Topological insulator (TI) TIs can be defined as materials acting as insulators in the bulk while hosting symmetry protected topological (SPT) states at their boundaries.

A simple TI model: The Su-Schrieffer-Heeger (SSH) model describes the transport of a fermion along a dimerized chain [1].

The SSH model can host 0, 1, or 2 edge (SPT) states based on its topological phase and parity.

The edge states are of zero or near-zero energy, as can be seen with the spectrum below.

Qubit

A qubit or double dot (DD) is a two-level system (TLS) in a coherent superposition of two states. The Hamiltonian for a qubit is expressed simply as \[ H^{D D}=\left(\begin{array}{cc}
\epsilon_{1} & \tau \\
\tau & \epsilon_{2}\end{array}\right) \] with eigenenergies λ_{ ±}. The transition probability between both levels can be found from the off-diagonal element of the Green's function G_{12} with respect to time: \[ G^{\mathrm{DD}}(E)=(E-H^{\mathrm{DD}})^{-1} \] \[ G_{12}^{\mathrm{DD}}(t)=\int_{-\infty}^{\infty} d E e^{-i E t} G_{12}^{\mathrm{DD}}(E) \]

Isolated qubit: Solutions to G_{12}(t) are simple periodic oscillations.

Qubit in open system: Solutions to G_{12}(t) are decaying oscillations. Decaying solutions imply that the 1 ⇄ 2 transition probability goes to zero as the qubit interacts with its environment; decoherence in an open system can therefore be evaluated by finding G_{12}(t).

Tripartite System

We consider an open system shown in Figure 4 consisting of a qubit coupled (coupling strength t_{c}) to an SSH chain to which is, in turn, coupled a semi-infinite lead (coupling strength t_{L}).

The Hamiltonian for such a system has the form: \[ H=\left(\begin{array}{c|c|c}
H^{DD} & V_N & 0 \\
\hline V_N^{\dagger} & H_{\mathrm{SSH}} & W \\
\hline 0 & W^{\dagger} & H_{\infty}
\end{array}\right) \]

As we are interested in the behaviour of the qubit, we can incorporate the impact of the environment into a self-energy term [4] such that: \[ H^{D D \prime}=\left(\begin{array}{cc}
\epsilon_{1} & \tau \\
\tau & \epsilon_{2}+\Sigma_{\mathrm{SSH},\infty}^{nn}(E)
\end{array}\right) \] where \[ \Sigma_{\mathrm{SSH},\infty}^{nn}(E) = t_{c}^{2} G_{\mathrm{SSH},\infty}^{nn}(E) \]

The self-energy's non-trivial dependence on the energy renders the Fourier transform for the time-dependent Green's function impossible.

Analytical approximation: for small couplings between the qubit and the system, it is valid to evaluate the qubit frequencies λ^{'}_{ ±}(E) at the poles of the isolated qubit λ_{ ±} [5]. This effectively removes the problem of the self-energy in the Fourier transform.

A decay rate can now be evaluated according to the analytical approximation above. One finds:

Above, min stands for minimum and selects the rate dominating at long times; the slowest decay is representative of the decoherence of the qubit [2].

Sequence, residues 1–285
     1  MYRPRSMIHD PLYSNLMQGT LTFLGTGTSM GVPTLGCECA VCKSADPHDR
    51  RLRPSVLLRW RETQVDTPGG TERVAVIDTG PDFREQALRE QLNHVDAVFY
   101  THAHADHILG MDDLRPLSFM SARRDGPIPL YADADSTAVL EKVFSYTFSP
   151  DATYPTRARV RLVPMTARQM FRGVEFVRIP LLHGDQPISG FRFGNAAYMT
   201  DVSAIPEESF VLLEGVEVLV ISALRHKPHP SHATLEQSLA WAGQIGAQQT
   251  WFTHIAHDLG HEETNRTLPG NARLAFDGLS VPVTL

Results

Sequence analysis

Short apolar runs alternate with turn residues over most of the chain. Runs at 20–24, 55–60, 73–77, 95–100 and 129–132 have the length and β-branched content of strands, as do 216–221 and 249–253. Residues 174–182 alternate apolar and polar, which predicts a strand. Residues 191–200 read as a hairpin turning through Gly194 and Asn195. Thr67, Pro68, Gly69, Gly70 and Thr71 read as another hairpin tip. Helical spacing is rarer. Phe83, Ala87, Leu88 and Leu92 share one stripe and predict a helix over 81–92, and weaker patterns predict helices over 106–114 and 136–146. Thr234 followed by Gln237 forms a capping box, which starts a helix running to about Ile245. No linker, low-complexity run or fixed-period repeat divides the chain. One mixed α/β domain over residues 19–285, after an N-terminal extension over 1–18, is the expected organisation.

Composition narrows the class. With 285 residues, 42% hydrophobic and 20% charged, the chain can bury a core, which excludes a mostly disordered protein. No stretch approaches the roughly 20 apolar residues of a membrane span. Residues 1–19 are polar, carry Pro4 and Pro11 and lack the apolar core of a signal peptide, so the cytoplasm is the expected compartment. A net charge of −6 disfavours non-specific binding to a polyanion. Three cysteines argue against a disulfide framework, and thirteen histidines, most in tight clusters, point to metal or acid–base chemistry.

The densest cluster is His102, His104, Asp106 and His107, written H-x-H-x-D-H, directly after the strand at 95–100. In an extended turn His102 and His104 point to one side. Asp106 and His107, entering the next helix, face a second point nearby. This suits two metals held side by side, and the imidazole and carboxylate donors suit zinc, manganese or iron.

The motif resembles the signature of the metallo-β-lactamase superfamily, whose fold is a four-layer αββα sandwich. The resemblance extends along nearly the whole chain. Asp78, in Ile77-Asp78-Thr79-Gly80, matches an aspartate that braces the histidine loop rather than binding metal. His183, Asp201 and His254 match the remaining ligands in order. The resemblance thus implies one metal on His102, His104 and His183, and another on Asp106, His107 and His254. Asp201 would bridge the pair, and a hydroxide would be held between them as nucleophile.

Proposed Measurement

Initialise qubit such that λ_{-} resides at the midgap of the SSH bands (i.e. tune qubit energies to energy of the edge state).

Couple to site n to the SSH chain and measure decoherence.

Translate to site n+1 and repeat above steps.

This sweep through the SSH chain allows us to characterise the decoherence as a function of site number for a given qubit tuning.

Information gained

The qubit couples strongly with states in the SSH chain with energies close to λ_{ ±}. Tuning a qubit to have λ_{-} = 0 therefore couples one of the frequencies strongly with the edge state.

Stronger coupling to the environment implies quick decoherence for the qubit and allows for the identification of the presence/location of gapped SPT states.

Additionally, the slope of the λ_{-}= 0 contribution to the decoherence (ɑ_{decay}) is directly linked to the physical amplitude of the edge state:

\[ e^{\alpha_{decay} n} \sim |\psi_{edge} |^2 \]

Discussion and future avenues for research

Qubits can detect topological edge states and infer which boundary the states lie on via a study of decoherence dynamics.

The decoherence dynamics additionally provide a direct tool for observing the squared magnitude of the topological modes thus allowing for the observation of a very fundamental quantity.

Where to look from here?

A better understanding of the qubit's bulk coupling oscillations may lead to rich physical behaviours.

Domain walls / solitons / defects between topological phases also host midgap states which are expected to behave similarly to edge states when probed by a qubit.

Why care?
This analysis considers a "toy-system" in order to evaluate decoherence of an open system within reasonable analytical approximations, but qubit behaviours should extend to more complex systems. Qubits could therefore be useful for:

Characterisation of topological excitations in more complex topological insulators, but also in other materials such as superconductors.

Characterisation of domain walls and defect modes in solids.

Certain materials exhibit interesting topological modes that are Majorana fermions. These have been proposed to have important applications in quantum computing and this probing method could be used to deepen our understanding of these exotic excitations.

References
[1] A.J. Heeger, S. Kivelson, J.R. Schrieffer, and W.-P. Su, Rev. Modern Phys.60, 781 (1988)
[2] J.K. Asboth, L. Oroszlany, A. Palyi, A short course on topological insulators, Lecture Notes in Physics 919 (Springer Int. Pub., 2016)
[3] Zaimi, M., Boudreault, C., Baspin, N., Delnour, N., Eleuch, H., MacKenzie, R., Hilke, M. (2021) Phys. Lett. A. 388 : 127035
[4] S. Datta,Quantum transport: Atom to Transistor, (Cambridge University Press, 2005)
[5] H. Eleuch, M. Hilke, R. MacKenzie, Physical Rev. A95, 062114 (2017)